Review: Simon Pegg gets raw and real in ‘Hector and the Search for Happiness’

There is not a cynical or mean-spirited moment in Peter Chelsom's new film “Hector and the Search For Happiness,” and the film's observations about life are in some ways so direct, so fundamental, that it would be easy to shrug it off and laugh at its sincerity.

Happiness is a subject I've been thinking about quite a bit this year. At 44, I find it elusive, temporary. I've upended my life this year, moving out of my house, negotiating a divorce, building a new life to share with my kids, and even exploring the notion of new love, and all of it has been life-altering and shattering and scary and exhilarating, and above all else, necessary. Completely and totally necessary.

When I was a young man, I saw happiness as something that landed on you, something that was simply a by-product of living life. I took happiness for granted, and I am well aware now as an older man that happiness is something you have to actively work towards, that you cannot expect it to simply land on you. I have had my fair share of luck over the years, moments of joy that were simply delivered to me, but for the most part, I've had to struggle for the happiness I've had, and I have learned to cherish it when it happens.

That process is different for everyone, and while it seems like a vaguely sappy idea in the broad description, Peter Chelsom is a guy who has managed to avoid sap with a certain amount of grace over the years. His films “Hear My Song,” “Funny Bones,” and “The Mighty” are all movies that have a great deal of heart, but that never give in to the easy or the cheap move. Here, he's working from a novel by Francois Lelord, and with his co-writers Maria von Heland and Tinker Lindsay, he's done his best to apply a light touch to the story of Hector (Simon Pegg), a psychiatrist who has a tidy, orderly life and who one day realizes that he's not qualified to talk to his patients about happiness because he's not entirely sure that he's happy himself.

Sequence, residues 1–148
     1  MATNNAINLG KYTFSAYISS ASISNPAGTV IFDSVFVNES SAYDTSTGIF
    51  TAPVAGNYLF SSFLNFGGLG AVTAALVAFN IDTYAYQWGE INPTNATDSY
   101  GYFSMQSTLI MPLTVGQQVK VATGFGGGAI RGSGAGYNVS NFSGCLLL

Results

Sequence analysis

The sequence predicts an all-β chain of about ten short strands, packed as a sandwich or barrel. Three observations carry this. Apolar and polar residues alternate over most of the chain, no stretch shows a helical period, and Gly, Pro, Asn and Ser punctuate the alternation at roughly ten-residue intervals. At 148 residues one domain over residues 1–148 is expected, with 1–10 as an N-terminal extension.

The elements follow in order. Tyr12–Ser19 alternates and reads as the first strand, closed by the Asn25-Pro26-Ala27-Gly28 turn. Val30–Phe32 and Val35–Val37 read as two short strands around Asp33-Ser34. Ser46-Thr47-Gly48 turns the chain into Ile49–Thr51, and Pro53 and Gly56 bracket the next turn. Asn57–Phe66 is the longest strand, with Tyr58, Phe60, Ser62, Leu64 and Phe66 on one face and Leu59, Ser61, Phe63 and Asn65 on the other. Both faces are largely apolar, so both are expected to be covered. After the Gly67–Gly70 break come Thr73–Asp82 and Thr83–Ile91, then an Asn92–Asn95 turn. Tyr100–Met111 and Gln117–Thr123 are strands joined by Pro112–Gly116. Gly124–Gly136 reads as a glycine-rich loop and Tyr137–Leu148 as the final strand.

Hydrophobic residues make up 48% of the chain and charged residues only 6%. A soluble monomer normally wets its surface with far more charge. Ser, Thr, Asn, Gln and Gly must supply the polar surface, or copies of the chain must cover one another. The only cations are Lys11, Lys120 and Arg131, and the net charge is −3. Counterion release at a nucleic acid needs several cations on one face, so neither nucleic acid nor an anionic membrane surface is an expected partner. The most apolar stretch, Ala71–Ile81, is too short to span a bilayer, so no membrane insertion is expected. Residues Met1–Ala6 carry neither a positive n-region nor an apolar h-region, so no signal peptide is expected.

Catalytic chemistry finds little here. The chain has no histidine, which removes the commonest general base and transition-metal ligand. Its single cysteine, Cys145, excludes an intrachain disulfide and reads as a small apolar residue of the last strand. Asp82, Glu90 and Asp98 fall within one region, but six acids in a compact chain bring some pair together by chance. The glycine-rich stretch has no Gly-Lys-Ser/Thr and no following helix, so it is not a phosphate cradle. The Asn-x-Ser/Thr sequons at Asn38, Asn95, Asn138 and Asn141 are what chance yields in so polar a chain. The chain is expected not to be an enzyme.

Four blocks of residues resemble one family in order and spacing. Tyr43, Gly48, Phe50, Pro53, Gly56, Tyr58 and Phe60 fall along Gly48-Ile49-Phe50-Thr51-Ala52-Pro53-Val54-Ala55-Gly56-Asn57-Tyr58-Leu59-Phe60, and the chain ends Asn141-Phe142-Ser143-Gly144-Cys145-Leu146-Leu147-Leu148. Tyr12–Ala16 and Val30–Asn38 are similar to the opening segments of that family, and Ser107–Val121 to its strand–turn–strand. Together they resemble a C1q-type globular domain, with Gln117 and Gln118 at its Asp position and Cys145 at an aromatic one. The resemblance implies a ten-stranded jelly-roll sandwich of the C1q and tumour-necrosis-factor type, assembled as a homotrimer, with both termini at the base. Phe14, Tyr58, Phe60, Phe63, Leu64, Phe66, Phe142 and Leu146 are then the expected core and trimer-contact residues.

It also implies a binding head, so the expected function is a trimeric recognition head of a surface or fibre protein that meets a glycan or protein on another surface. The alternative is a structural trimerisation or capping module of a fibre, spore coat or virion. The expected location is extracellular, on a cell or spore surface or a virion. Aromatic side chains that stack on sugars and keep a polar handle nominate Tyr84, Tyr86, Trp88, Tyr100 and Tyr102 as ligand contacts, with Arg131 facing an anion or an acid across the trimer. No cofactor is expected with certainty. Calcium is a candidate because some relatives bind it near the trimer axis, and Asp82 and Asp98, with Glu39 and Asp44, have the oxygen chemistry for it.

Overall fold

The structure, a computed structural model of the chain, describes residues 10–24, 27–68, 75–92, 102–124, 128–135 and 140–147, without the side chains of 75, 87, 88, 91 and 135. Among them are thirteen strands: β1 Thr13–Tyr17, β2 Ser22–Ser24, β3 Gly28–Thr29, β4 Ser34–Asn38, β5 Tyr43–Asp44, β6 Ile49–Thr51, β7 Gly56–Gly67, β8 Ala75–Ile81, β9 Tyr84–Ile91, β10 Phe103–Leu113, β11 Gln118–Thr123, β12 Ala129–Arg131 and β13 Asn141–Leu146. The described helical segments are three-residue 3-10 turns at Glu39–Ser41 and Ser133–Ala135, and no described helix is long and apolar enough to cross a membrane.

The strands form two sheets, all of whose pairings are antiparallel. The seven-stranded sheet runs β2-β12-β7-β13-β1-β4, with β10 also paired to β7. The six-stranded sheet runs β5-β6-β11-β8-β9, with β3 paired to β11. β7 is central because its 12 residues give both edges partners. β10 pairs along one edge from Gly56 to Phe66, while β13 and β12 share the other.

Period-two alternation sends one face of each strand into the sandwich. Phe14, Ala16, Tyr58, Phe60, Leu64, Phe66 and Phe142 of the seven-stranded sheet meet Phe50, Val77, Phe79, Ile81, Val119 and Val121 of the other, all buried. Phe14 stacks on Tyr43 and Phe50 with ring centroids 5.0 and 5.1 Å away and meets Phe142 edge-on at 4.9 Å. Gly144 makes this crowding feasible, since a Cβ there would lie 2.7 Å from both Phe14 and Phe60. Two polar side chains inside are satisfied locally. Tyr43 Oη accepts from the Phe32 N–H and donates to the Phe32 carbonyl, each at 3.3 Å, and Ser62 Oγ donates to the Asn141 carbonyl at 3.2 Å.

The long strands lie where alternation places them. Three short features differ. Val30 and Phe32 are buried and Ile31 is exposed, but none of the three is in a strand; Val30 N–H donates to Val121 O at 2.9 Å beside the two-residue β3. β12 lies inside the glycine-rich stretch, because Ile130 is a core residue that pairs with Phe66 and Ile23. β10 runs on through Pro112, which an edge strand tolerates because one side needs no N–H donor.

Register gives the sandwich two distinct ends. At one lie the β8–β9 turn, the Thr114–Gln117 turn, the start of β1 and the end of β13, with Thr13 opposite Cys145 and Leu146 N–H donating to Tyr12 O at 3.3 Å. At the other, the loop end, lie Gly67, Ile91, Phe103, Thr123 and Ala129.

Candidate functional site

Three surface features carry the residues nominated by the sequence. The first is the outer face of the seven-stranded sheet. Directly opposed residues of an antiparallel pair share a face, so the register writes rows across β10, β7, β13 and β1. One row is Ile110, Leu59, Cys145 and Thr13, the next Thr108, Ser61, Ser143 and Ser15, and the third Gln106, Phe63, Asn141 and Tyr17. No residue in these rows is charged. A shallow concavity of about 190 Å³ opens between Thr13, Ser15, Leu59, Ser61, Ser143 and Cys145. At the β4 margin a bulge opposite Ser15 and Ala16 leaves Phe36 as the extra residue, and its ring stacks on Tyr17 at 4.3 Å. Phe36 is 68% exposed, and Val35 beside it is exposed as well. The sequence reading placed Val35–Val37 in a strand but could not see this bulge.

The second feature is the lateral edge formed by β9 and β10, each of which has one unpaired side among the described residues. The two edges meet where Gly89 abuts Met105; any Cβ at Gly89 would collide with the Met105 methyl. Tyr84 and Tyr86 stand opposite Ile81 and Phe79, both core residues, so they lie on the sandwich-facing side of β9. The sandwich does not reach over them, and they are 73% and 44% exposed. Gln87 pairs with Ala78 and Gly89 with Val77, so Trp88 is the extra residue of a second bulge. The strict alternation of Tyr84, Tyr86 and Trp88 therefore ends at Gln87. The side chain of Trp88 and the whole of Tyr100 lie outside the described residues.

This comes as rather unpleasant news for his girlfriend Clara (Rosamund Pike), who works hard to make Hector's life as orderly as possible, and when he tells her that he's taking an open-ended trip around the world in search of whatever it is he's missing, she puts on a smiling face, but it guts her. Hector sets off having planned for anything, and at first I expected something very broadly comic. From the start, though, the film steers towards something more emotional, and it starts to build a respectable head of steam. The lessons that Hector picks up as he meets various people are genuine, some of them very small, some of them more profound, and there were several of them that I made note of for myself.

The film is gorgeously photographed by Kolja Brandt, and there are certain sequences that serve as a reminder that Chelsom may have done his time in the Hollywood trenches with movies like “Shall We Dance?” and “The Hannah Montana Movie,” but at heart, he's got a gentle, poetic eye. Simon Pegg seems to have really taken the material to heart, and I think it's kind of a break-through performance for him. As good as he's been in other films, I don't think I've ever seen him play something this raw or real, and there are several moments where he just kind of breaks. Hector isn't some perfect role model, and he makes some ugly mistakes, which only makes him seem more human.

Similarly, I think Pike is very good here, and she's got the trickier role. Most of the time, when you see a movie like this and the girlfriend is introduced at the beginning of the film as someone who is very fastidious and organized, it's a set-up for that character to be treated as a villain, and I braced myself for what I consider a really unpleasant trope. Instead, Clara is treated with empathy, and her efforts to make a very clean and ordered life for Hector are treated as an act of love, not a suffocating prison. It made me like the movie more, and the way they treat Clara in the film is an indicator of how the film treats all of its characters.

There's a big move towards the end of the film that is a little too on-the-nose, but even as I rolled my eyes a bit at the idea, Pegg's performance sells it, and he basically has his Ebenezer Scrooge moment, all the pieces falling into place as he realizes what he wants and what he has. I found it moving and simple, and while it may mark me as a sentimentalist, “Hector” worked on me. I respect the way the film delivers its ideas, and I'm always happy to see Chelsom deliver something that is both sincere and successful.

“Hector and the Search For Happiness” may not unlock all of the secrets of the universe, but it does offer a welcome glimpse at how important the search is for all of us.

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